For four months, Oklahoma leaders did all they could to recruit Tesla's Elon Musk to build a new Cybertruck factory in Tulsa. There were websites created and our resident giant Golden Driller got a temporary face swap that generated international news.
The marketing agency behind the creative effort was Tulsa-based Gitwit.
While Musk ended up choosing Austin, Texas, as the home for his new plant, the Tulsa campaign shined a global spotlight on Tulsa and resulted in Musk visiting our city on a summer day to sit in a field and chat with state and city leaders.
TulsaPeople interviewed Gitwit co-founder Jacob Johnson to learn more about how the campaign came to be and their takeaways from their efforts.
This spring a website about a big f***ing field in Tulsa popped up and then there was Elon Musk's face on the Golden Driller. How did this all come to be?
This all started back in March, when Elon first sent his infamous tweet: "Scouting locations for Cybertruck Gigafactory. Will be central USA."
That tweet, as we know, sent cities all across the midwest scrambling to come up with ways to get Elon's attention, including Tulsa. A few Tulsans got together to brainstorm how we could stand out from the crowd of cities and chambers of commerce vying for the bid.
Our team here at Gitwit piled into a room and opened up the floor to ideas. One brainstorm later, we came up with the Big F***ing Field concept based on Elon's own Big F***ing Rocket. The whole team got excited and started building the site like crazy and had it up within a few days.
It went viral with 50K+ visitors in the first week. A couple months later, the news broke that it was down to Tulsa and Austin. Our team FREAKED and kicked it into high gear, launching about a dozen more websites and campaigns.
As for the face on the Driller, we knew one of Tulsa's advantages over Austin was grassroots support. Austinites have a reputation for being a little unfriendly, a little NIMBY-ish to big tech moving in. We wanted to play up the stark difference that Tulsa brings — we're friendly, we're hospitable, and we welcome innovative companies like Tesla. But we had to communicate that in a way that would resonate with Elon and the Tesla world within the Internet. We thought it'd be funny to "meme-ify" the Driller with Elon's face — it's one of those stunts that generates more and more content until it becomes its own campaign.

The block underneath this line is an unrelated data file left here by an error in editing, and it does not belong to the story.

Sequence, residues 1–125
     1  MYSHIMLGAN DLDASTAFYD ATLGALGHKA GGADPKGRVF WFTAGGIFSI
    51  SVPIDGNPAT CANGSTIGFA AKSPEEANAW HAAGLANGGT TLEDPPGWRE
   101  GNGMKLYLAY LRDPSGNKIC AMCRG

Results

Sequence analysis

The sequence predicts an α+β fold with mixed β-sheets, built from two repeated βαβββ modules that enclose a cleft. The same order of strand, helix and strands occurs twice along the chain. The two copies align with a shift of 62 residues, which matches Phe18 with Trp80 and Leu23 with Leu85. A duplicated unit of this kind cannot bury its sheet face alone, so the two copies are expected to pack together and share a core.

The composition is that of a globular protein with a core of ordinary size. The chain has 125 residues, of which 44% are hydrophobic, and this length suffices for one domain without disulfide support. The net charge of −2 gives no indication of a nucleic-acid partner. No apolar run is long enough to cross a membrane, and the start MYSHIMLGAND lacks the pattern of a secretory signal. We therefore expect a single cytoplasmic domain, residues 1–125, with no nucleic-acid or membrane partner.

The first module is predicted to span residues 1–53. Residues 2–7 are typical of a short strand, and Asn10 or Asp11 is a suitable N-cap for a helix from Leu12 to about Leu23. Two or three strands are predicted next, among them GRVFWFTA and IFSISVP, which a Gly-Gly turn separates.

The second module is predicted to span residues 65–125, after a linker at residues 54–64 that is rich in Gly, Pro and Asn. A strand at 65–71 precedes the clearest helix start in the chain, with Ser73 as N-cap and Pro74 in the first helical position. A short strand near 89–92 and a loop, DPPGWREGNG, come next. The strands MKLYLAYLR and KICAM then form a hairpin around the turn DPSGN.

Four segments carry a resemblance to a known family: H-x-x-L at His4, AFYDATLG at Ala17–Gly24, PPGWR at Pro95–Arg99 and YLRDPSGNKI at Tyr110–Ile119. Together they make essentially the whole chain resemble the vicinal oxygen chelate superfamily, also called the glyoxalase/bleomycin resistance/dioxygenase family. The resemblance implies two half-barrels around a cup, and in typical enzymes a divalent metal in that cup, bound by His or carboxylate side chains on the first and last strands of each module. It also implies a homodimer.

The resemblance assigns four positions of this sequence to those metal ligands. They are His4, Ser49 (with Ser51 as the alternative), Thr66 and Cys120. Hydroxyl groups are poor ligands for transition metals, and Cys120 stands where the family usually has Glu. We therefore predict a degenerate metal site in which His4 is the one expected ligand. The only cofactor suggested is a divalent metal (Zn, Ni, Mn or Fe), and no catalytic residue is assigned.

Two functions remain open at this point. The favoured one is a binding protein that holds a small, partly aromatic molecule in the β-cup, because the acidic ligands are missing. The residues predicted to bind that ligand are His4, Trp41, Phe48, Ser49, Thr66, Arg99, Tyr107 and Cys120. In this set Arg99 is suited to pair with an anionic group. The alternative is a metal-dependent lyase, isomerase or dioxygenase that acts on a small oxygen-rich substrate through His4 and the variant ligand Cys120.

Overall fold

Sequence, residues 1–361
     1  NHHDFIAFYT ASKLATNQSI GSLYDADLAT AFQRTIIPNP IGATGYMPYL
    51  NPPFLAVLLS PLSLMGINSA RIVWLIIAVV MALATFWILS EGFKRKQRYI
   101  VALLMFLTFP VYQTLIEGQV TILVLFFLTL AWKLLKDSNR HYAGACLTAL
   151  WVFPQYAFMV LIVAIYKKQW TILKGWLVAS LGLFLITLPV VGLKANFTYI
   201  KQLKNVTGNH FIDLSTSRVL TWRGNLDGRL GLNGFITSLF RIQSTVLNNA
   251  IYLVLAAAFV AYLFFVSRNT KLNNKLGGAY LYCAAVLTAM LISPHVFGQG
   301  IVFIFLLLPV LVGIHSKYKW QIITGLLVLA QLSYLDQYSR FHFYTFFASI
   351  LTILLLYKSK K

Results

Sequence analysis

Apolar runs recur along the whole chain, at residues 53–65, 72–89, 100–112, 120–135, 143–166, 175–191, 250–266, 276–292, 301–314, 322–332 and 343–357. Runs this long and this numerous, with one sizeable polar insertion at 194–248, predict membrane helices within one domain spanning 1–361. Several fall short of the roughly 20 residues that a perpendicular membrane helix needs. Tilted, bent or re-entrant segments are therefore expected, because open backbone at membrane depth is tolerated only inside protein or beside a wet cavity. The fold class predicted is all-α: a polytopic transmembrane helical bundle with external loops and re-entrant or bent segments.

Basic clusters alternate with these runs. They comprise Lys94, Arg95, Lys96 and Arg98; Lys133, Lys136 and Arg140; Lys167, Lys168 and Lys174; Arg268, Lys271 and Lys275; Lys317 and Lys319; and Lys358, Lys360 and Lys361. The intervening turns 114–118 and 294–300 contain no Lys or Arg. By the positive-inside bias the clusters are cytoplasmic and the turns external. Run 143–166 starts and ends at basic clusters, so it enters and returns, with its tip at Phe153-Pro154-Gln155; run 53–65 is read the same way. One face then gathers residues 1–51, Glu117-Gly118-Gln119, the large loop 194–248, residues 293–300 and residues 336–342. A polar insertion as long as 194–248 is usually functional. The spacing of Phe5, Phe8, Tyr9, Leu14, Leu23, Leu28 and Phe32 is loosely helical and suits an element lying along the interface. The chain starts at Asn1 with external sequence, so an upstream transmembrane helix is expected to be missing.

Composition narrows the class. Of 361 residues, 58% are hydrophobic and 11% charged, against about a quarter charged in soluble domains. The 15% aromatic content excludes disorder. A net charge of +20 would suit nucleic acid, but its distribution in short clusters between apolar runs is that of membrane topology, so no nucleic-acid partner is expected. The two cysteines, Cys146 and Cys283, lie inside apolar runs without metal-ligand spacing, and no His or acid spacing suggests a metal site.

It's rare to see a business campaign pitch be as public as the one for Tesla. Were you surprised by the reactions to the Tesla courting? It seems to have been a mixture of city pride and claims of Tulsa looking "thirsty."
There will always be some pushback any time there's such a public effort for one single entity or person's attention. At the end of the day, this was about putting Tulsa on the map for companies that likely would have overlooked us in the past, and making it clear to the rest of the country that we're a city perfectly poised for innovation. And we're willing to try some tactics that no other city has tried to get that attention. We have no problem being the underdog. People who are worried about looking “thirsty” typically don't do bold things.
Tesla didn't choose Tulsa, but you got Musk here for a visit and there's no telling what will come down the road with him and his companies. Do you consider the campaign a success?
A thousand percent. It's amazing that a company like Tesla saw Tulsa the way all of us already do. We're excited to see what comes of this — to see what companies are interested in the unique approach Tulsa is willing to bring to the table, and think they might be a good match for this city.
Are there any other takeaways you have from working on this project?
It's the single most important thing we say here at Gitwit: empathize with your target audience — even if it's a target audience of one billionaire tech CEO. Our team spent a lot of time researching Elon and his behavior and what he's into, and worked hard to make sure the BFF site and voice spoke directly to him.
Any other big projects GitWit is working on that has you excited?
Any time our team can get in, spot a problem, and make an impact, that's what we're built for.